very important to take aspirin and any other blood thinning medications exactly as
What happens if you stop taking aspirin every day?
You might be surprised to learn that stopping daily aspirin therapy can have a rebound effect
that may increase your risk of heart attack. If you have had a heart attack or a stent placed in
one or more of your heart arteries, stopping daily aspirin therapy can lead to a life-threatening
heart attack. If you've been taking daily aspirin therapy and want to stop, it's important to talk to
your doctor before making any changes. Suddenly stopping daily aspirin therapy could have a
rebound effect that may trigger a blood clot.
Daily aspirin therapy: Understand the benefits and risks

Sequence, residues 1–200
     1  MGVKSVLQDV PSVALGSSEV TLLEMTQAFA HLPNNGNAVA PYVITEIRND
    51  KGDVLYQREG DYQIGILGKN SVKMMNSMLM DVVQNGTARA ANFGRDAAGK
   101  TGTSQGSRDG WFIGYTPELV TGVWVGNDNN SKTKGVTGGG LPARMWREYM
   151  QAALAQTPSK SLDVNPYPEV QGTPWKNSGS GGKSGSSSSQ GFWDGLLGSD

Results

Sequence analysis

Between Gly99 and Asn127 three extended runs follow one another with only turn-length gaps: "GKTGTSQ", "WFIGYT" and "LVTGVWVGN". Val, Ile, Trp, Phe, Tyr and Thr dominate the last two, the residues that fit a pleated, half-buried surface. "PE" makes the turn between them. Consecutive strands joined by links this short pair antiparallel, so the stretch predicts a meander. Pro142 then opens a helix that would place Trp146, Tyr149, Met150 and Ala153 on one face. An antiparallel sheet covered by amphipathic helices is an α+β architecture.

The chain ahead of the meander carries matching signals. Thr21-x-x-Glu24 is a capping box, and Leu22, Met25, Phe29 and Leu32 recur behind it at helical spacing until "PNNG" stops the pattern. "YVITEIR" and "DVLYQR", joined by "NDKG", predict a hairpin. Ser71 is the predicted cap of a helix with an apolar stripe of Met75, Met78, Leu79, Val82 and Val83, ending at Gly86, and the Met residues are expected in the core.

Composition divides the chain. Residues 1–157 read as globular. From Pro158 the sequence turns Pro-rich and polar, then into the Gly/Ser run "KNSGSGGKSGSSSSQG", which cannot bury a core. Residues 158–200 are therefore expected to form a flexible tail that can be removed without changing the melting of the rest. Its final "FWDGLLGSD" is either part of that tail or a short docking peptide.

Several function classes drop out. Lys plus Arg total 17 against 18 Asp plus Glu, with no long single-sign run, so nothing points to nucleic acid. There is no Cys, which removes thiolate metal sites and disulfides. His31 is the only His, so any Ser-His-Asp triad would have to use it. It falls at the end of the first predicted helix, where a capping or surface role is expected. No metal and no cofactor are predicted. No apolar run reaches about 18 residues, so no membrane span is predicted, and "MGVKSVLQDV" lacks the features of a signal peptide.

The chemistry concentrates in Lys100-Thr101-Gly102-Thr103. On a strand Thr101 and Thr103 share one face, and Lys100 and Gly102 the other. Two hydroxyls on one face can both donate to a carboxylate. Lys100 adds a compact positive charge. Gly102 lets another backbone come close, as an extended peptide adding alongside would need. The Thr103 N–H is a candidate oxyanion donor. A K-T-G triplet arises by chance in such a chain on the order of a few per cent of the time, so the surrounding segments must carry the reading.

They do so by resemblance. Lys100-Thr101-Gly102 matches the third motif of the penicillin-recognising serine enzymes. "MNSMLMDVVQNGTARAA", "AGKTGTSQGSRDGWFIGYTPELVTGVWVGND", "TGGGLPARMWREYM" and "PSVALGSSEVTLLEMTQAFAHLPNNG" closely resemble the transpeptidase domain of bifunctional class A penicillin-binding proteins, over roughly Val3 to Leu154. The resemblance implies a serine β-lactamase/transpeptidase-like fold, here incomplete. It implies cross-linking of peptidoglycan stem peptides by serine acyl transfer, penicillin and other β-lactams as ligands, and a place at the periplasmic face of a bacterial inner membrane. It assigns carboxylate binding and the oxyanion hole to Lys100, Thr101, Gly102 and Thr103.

Can you take aspirin if you regularly take ibuprofen or another nonsteroidal anti-inflammatory drug
(NSAID) for another condition?
Both aspirin and other nonsteroidal anti-inflammatory medications, such as ibuprofen (Motrin,
Advil, others) and naproxen (Aleve), reduce the clotting action of blood platelets. Regular use of
nonsteroidal anti-inflammatory medications can increase your bleeding risk, as can other
medications you may take for aches and pains (Tylenol, others).
If you need only a single dose of ibuprofen, take it eight hours before or 30 minutes after the
aspirin. If you need to take ibuprofen or other NSAIDs more often, talk to your doctor about
medication alternatives that won't interfere with daily aspirin therapy.
What are the possible side effects of daily aspirin therapy?
Side effects and complications of taking aspirin include:
Stroke caused by a burst blood vessel.
While daily aspirin can help prevent a clot-